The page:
“And even though you’re Santa Clause, I swear you’re gonna be scared!”
Merry freakin’ Christmas, Wastoids! As much as I’ve been invested in ‘non-holiday’ horror films this year, even the Grinch in me couldn’t watch just any ol’ horror movie for a Fear Flashback Christmas. Hopefully you’re all safe and sound in your bunkers, having a great Christmas morning (or whichever holiday suits you). I’ll be hoping a storm doesn’t blow out the lights up here in Maine, but even if it does, we’ll be celebrating.
Dial Code Santa Claus (3615 Code Père Noël is the original French title) was not even on my radar until recently. It’s a French “home invasion” holiday film that came out in 1989, but it never got a US release until a few years ago. I’m not sure how I ran across the trailer – probably in my Twitter feed – but once I saw it, well… see for yourself.
Come on! That looks crazy! A bizarre 1989 French Christmas Horror movie I’d never even heard of? Yeah, I knew what I had to do.
Dial Code Santa Clause is currently a Shudder exclusive for streaming, and that’s how I watched it. There’s a 4k Blu-ray from Vinegar Syndrome with a bunch of extras, and this is going on the list of films to pick up when I get a chance.
Dial Code Santa Clause is about a young boy named Thomas (Alain Lalanne) and the night he decides to stay up to try and get proof of Santa Claus. He’s at that age where his friends are starting to tell him that Santa isn’t real, that the gifts are all from their parents. He’s not ready to believe that yet, so he wires the house with video cameras tied to his wrist control unit and…
What’s that? Oh yeah, see Thomas’ mom (Brigitte Fossey) runs one of the most successful department stores in France (Printemps) and they’re stinking rich. (Like, live in a mansion that looks like a castle rich.) And Thomas is a prodigy – equally adept at programming computers and repairing classic cars. So not only does he have closed circuit TV cameras in the house, he’s got trapdoors, secret passageways and security doors – all controlled from a bulky wrist unit. Mostly he uses it to play various games of war with his diabetic Grandfather (Louis Ducreux) and his dog.
Unfortunately, he’s garnered the attention of a delusional man (Patrick Floersheim) posing as Santa Claus on the Minitel – a sort of early version of the internet, where you could dial in codes to access basic message boards and chat rooms. This man has an unhealth interest in children, and soon he has a job at the very Printemps where Thomas’ mom is working. A job as one of the department store Santas.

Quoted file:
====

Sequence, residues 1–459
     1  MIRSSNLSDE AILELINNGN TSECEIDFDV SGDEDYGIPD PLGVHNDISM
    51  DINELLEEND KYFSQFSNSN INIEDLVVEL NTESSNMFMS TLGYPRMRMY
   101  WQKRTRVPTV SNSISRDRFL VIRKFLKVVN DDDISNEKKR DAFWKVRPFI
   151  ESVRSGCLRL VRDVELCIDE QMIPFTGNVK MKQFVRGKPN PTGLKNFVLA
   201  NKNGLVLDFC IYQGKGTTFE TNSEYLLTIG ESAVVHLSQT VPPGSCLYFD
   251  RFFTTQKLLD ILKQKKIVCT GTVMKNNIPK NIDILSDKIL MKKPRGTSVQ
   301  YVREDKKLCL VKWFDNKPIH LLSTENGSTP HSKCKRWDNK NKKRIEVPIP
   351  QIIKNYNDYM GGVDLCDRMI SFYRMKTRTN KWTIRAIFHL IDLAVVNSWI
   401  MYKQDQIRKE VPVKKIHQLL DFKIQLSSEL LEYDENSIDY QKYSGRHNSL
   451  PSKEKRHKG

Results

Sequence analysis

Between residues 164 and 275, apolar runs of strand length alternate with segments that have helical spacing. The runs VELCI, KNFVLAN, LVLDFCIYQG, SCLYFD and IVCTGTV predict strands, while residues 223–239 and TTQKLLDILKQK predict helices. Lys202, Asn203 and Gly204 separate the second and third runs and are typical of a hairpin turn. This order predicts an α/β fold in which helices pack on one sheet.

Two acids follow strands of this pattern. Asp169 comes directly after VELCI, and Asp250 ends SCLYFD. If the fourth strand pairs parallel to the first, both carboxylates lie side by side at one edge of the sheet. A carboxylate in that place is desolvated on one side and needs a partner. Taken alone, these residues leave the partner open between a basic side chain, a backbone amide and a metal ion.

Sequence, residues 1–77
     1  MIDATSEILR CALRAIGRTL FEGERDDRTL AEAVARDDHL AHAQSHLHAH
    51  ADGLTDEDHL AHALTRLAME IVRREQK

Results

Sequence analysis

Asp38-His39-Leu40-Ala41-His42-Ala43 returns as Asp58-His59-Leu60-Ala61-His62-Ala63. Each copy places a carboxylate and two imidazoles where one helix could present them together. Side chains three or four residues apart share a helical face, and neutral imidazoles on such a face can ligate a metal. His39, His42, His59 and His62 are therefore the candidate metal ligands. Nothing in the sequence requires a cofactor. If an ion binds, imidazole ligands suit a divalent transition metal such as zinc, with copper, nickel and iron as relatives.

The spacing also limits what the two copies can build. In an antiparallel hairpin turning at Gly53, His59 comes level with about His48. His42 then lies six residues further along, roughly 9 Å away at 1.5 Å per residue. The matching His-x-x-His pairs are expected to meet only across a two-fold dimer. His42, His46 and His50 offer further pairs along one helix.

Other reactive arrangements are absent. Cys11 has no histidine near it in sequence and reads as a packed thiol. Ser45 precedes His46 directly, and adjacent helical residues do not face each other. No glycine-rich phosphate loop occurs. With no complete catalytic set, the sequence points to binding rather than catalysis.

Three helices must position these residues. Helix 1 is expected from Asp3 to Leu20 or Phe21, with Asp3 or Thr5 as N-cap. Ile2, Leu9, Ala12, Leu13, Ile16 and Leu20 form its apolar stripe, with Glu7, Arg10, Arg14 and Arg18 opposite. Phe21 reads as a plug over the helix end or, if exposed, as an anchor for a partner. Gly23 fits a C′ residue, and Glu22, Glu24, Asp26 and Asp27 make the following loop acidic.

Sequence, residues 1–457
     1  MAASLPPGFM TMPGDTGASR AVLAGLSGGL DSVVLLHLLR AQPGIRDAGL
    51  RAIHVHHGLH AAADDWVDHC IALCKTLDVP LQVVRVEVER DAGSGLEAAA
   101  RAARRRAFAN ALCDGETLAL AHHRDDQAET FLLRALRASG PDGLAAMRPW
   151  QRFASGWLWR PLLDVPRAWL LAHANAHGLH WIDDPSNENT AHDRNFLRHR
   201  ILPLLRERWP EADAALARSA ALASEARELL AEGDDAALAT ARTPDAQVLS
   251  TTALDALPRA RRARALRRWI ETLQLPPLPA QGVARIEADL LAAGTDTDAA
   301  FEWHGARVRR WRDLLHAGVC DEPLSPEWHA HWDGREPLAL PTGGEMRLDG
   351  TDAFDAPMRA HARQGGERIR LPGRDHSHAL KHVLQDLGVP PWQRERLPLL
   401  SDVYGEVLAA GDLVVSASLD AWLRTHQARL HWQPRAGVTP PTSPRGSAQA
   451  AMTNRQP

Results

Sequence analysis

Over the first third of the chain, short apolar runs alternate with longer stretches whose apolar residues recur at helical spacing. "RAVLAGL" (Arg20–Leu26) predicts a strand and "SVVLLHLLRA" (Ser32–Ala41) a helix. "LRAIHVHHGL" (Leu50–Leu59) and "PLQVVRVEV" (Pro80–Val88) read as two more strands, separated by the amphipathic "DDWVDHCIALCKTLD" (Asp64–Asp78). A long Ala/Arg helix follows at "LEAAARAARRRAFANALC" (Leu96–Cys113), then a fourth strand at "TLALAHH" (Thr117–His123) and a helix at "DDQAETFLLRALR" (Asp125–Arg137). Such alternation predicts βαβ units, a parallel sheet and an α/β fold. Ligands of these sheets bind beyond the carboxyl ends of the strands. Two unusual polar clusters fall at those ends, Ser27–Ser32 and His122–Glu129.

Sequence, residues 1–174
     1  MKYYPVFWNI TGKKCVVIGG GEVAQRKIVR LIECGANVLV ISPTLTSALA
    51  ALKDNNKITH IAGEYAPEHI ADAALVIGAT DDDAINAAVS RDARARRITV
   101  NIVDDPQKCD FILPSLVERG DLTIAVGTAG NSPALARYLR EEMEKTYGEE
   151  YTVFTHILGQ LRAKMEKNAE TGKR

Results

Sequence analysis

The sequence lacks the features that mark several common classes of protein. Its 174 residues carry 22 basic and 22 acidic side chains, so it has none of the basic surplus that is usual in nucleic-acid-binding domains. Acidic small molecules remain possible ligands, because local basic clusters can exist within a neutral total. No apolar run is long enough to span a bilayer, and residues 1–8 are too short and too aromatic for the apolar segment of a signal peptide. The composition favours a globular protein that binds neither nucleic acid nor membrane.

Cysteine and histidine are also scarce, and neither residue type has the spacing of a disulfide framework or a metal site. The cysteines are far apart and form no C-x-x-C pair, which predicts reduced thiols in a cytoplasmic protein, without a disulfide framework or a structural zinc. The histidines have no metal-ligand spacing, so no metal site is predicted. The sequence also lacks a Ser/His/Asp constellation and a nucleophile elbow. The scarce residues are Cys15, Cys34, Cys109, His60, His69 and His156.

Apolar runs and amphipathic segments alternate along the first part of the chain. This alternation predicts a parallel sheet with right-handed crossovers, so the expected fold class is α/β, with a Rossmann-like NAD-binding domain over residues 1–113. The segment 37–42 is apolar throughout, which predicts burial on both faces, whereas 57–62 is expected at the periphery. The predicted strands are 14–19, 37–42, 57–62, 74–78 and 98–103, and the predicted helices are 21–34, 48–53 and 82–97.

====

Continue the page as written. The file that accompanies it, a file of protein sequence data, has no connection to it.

While there’s a slight uneasiness to these early scenes it’s actually all fairly light-hearted and there’s a definite warmth and holiday spirit to the film. Thomas and his family are lovely and even Pere Noel seems only slightly lost and dopey. At least until he slaps a kid for making fun of his face. Then we begin to see the dark notes creeping in. He’s fired, of course, but he manages to hide away in the truck full of presents heading to Thomas’ house…
Thomas is a bundle of 80’s movie tropes. He’s the precocious kid, familiar with computers. He likes to dress up like an 80’s action movie star, complete with camo makeup and bandana keeping his mullet in check. He plays D&D with his grandpa. (And he’s right – being 1st level for two years IS too long.) The pop-culture nods come fast and furious while he plots and plans to stay up and catch Santa on video so he can prove to his friend that the big man is real.
And when Santa comes down the chimney the film pours on the syrupy music, the soft lighting and the slow zoom into Thomas’ excited face while the holiday music swells.
And then Santa kills Thomas’ dog and it’s like a bucket of ice-cold water in the face.
The man isn’t just delusional – he’s downright homicidal. And Thomas is alone in the house with his ailing grandfather. The rest of the movie becomes an increasingly violent cat-and-mouse game between a murderous Santa Claus and a precocious boy and his house full of secret rooms and traps.
It’s an odd combination of late 80s/early 90s tropes – it’s Home Alone meets Rambo via Richie Rich. Throw a touch of The Goonies in there too. (To be clear, Dial Code Santa Clause came out a year before Home Alone and the director, René Manzor, has been vocal about his belief that the later film was inspired by his.) Watching it now it almost looks like a film made recently by someone who only knew the 80’s by it’s pop culture, that’s how many references and homages are packed into the film. Just check out the posters in Thomas’ room. Or listen to the shmaltzy (but rockin’) Christmas song by Bonnie Tyler that plays during a montage of Thomas’ burying his dog in the basement.
This movie is bizarre, but in a good way. It’s a dark mashup of holiday treats and home invasion horror. There are secret rooms (including an awesome Indian Jones-ish cache of old Christmas toys), trapdoors, and deadly booby traps. There’s car crashes, snowball fights and fire arrows (well, it’s a suction cup arrow but it IS on fire). There’s heartfelt moments with a young boy and his nearly-blind grandfather and then Santa is murdering a cop in the snow.
If I’m nitpicking, the whole cat-and-mouse section of the festivities goes on a little too long, with a few too many “A-Team gearing up” montages of Thomas and his gear. I was never bored for long, though, and sequences like Thomas’ escape onto the sloping roof and the model work involved are well worth the odd moments of Thomas strapping half a chair to his leg because he got a minor cut.
The Bottom Line
Dial Code Santa Clause is a crazy, funny, dark, warm, violent and heartfelt holiday horror film that is going to become an annual holiday watch for me. If you think Home Alone as directed by Dario Argento then you’re coming close to what Dial Code Santa Clause feels like. Really, though, it’s kinda indescribable – and you should definitely check it out for yourself.